WINNER OF THE LIONEL GELBER PRIZE
A NEW YORK TIMES NOTABLE BOOK OF 2018
ONE OF THE ECONOMIST'S BOOKS OF THE YEAR
A NEW YORK TIMES CRITICS' TOP BOOK
"An intelligent explanation of the mechanisms that produced the crisis and the response to it...One of the great strengths of Tooze's book is to demonstrate the deeply intertwined nature of the European and American financial systems."--The New York Times Book Review
From a prizewinning economic historian, an eye-opening reinterpretation of the 2008 economic crisis (and its ten-year aftermath) as a global event that directly led to the shockwaves being felt around the world today.
In September 2008 President George Bush could still describe the financial crisis as an incident local to Wall Street. In fact it was a dramatic caesura of global significance that spiraled around the world, from the financial markets of the UK and Europe to the factories and dockyards of Asia, the Middle East, and Latin America, forcing a rearrangement of global governance. In the United States and Europe, it caused a fundamental reconsideration of capitalist democracy, eventually leading to the war in the Ukraine, the chaos of Greece, Brexit, and Trump.
It was the greatest crisis to have struck Western societies since the end of the Cold War, but was it inevitable? And is it over? Crashed is a dramatic new narrative resting on original themes: the haphazard nature of economic development and the erratic path of debt around the world; the unseen way individual countries and regions are linked together in deeply unequal relationships through financial interdependence, investment, politics, and force; the ways the financial crisis interacted with the spectacular rise of social media, the crisis of middle-class America, the rise of China, and global struggles over fossil fuels.
Finally, Tooze asks, given this history, what now are the prospects for a liberal, stable, and coherent world order?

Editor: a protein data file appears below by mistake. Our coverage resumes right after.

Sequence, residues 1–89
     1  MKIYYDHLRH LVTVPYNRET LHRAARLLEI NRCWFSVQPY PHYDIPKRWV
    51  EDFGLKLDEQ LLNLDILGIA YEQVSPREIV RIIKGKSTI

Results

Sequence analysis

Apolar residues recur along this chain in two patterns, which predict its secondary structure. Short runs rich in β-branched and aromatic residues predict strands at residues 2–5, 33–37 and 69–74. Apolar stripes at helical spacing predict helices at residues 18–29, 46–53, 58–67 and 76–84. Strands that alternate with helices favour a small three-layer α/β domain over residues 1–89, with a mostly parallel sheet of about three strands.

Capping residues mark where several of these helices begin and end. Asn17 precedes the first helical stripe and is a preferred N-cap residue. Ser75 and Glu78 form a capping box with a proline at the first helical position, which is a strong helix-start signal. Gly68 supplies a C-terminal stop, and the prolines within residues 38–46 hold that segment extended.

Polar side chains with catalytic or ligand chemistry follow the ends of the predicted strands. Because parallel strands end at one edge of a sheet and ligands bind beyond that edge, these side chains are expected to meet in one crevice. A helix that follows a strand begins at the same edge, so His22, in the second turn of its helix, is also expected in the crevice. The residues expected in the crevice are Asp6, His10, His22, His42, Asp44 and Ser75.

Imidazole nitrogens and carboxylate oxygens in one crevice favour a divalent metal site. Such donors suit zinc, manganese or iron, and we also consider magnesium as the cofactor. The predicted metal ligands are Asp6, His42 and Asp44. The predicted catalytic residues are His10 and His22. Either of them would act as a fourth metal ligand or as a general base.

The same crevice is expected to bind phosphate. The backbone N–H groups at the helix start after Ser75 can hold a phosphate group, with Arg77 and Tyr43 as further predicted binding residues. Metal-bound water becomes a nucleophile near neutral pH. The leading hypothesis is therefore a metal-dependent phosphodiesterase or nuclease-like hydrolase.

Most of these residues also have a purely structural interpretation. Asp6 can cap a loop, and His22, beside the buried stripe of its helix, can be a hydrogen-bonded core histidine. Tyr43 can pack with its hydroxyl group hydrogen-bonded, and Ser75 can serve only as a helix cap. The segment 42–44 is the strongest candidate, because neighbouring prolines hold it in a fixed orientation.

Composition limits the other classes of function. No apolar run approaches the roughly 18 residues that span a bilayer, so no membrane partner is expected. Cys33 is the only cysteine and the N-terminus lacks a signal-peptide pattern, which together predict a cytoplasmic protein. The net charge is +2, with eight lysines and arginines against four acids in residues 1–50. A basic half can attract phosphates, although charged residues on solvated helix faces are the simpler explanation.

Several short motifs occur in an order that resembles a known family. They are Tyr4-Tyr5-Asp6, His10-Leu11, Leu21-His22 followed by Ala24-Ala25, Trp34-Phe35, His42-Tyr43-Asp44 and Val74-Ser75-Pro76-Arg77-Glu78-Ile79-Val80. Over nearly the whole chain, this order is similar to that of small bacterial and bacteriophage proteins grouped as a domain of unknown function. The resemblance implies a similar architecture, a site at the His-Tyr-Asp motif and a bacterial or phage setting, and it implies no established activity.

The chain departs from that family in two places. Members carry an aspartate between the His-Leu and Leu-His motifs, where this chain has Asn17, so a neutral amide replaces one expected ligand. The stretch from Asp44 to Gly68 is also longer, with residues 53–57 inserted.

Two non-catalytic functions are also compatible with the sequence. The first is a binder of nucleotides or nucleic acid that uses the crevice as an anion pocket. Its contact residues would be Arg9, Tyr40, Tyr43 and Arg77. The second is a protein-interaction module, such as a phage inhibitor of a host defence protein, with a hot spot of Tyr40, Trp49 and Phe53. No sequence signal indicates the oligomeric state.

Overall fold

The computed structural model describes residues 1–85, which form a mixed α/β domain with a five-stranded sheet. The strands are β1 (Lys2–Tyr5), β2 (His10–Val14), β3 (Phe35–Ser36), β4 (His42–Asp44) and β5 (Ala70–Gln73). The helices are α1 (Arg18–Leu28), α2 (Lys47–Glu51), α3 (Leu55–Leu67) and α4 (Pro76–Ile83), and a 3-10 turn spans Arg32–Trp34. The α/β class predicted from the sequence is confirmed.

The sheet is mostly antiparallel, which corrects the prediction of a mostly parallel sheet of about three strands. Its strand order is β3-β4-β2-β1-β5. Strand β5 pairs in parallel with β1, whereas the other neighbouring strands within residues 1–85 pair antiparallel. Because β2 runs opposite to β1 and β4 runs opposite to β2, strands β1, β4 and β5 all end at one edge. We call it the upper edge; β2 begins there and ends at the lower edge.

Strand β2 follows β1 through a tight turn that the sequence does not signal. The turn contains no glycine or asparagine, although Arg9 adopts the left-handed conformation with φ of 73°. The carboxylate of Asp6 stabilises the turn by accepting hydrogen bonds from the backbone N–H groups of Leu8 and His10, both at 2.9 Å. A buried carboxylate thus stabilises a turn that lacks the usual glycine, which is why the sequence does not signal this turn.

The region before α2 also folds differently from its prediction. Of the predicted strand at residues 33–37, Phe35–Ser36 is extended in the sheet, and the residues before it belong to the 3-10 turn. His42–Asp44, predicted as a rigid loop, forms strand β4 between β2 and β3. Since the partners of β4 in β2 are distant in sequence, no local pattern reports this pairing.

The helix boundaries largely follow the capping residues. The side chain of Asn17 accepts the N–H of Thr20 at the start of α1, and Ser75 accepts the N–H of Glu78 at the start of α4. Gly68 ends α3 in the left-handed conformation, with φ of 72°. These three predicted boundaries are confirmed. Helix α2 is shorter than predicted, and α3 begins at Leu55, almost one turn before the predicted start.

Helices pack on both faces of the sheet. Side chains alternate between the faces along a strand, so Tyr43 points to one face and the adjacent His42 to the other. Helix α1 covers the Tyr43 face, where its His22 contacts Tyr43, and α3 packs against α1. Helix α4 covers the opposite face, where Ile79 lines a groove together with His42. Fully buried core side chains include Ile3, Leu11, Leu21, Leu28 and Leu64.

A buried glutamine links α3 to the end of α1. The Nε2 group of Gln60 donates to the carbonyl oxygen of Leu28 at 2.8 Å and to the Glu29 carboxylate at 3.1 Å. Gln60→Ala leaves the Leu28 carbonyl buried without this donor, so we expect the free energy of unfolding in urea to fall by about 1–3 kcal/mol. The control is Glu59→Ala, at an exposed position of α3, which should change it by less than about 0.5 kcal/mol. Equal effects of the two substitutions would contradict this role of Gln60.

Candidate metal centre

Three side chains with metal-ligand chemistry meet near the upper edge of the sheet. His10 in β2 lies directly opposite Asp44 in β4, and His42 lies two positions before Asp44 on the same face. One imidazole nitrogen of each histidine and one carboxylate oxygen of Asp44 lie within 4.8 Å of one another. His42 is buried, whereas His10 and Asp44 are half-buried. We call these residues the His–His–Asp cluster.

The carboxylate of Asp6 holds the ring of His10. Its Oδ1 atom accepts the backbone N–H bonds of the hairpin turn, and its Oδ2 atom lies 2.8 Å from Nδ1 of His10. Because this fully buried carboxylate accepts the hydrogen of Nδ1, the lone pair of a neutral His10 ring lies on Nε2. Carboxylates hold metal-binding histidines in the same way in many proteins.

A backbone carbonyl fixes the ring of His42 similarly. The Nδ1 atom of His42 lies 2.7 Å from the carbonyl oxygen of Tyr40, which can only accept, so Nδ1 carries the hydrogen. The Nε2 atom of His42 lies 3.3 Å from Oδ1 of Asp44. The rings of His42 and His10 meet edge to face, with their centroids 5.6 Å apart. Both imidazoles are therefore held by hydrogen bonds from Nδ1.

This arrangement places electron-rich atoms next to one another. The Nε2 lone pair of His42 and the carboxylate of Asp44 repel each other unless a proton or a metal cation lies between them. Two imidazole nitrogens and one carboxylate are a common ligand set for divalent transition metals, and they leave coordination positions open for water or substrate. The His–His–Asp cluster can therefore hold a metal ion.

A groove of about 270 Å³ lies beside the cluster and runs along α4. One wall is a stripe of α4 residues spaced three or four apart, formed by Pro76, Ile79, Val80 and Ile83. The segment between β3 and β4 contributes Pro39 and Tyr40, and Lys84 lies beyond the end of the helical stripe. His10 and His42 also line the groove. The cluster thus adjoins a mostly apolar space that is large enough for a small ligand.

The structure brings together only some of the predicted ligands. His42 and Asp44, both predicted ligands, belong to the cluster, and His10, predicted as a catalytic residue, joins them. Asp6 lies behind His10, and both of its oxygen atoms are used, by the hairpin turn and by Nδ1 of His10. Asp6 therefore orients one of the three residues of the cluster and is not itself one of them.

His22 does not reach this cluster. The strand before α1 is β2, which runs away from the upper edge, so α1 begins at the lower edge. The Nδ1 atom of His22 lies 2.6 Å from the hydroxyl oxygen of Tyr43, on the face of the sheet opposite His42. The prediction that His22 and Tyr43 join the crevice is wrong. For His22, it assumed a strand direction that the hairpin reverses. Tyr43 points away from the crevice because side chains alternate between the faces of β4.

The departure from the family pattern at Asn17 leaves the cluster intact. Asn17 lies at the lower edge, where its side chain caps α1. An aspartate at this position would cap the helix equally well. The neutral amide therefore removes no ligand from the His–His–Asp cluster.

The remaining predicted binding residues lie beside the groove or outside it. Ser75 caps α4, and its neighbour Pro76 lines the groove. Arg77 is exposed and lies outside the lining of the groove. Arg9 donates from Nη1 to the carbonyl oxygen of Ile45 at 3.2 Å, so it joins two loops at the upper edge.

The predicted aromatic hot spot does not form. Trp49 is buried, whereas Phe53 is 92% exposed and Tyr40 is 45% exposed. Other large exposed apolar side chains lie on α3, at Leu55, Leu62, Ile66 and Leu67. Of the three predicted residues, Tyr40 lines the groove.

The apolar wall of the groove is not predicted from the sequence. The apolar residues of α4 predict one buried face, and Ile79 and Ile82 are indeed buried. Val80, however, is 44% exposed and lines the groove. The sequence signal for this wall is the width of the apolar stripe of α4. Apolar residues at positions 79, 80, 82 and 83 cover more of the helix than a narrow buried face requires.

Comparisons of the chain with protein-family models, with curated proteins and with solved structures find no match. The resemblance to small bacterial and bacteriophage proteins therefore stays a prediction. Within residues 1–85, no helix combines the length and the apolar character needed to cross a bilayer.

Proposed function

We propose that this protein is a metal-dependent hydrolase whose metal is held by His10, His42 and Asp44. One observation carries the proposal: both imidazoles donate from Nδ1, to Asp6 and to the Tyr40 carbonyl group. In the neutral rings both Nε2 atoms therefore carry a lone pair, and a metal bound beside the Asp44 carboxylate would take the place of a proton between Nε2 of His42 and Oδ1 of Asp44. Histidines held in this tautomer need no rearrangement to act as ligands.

Columbia history professor Tooze (The Deluge) recounts and analyzes the continuing repercussions of the 2008 economic crisis in this dense, but accessible, book. Although he presents more information than most readers will require (including a chart titled, "Demand for Dollar Funding in the European Central Bank's One-Month Auctions"), Tooze makes the arcana of international economic policy relevant to a lay audience by framing his account with Donald Trump's political ascension. He walks through the significant financial crises of the previous 10 years, not neglecting those possibly less familiar to Americans than Lehman Brothers' collapse, such as the debt crisis in Greece and Ireland. Tooze amasses telling details from the bailout of the big banks (for instance, that they more than doubled their funding advantage relative to small banks after the crisis) to bolster his contention that Trump's surprise electoral victory was rooted in the U.S. government's response to the 2008 meltdown. Those government policies gave "absolute priority to saving the financial system" and disregarded "the arrow of causation," reshaping American politics and setting the stage for a populist backlash. In addition to making international economics understandable and attention grabbing, Tooze has written an essential addition to the ranks of histories that place Trumpism in context.